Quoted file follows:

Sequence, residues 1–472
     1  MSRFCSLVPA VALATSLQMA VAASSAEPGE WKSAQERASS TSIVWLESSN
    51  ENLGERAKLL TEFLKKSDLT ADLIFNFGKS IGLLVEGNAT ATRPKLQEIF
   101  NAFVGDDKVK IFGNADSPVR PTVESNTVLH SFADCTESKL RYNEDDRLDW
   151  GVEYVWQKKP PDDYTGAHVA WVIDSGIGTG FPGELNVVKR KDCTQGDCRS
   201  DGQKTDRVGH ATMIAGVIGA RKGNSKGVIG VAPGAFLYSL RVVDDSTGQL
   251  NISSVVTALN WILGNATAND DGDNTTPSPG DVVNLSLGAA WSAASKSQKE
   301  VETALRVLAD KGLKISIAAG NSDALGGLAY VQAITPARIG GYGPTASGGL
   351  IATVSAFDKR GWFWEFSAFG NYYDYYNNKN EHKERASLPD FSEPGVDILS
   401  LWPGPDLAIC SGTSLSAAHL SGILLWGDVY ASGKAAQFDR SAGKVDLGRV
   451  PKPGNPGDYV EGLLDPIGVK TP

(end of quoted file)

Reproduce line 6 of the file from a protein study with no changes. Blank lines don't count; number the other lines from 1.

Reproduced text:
   201  DGQKTDRVGH ATMIAGVIGA RKGNSKGVIG VAPGAFLYSL RVVDDSTGQL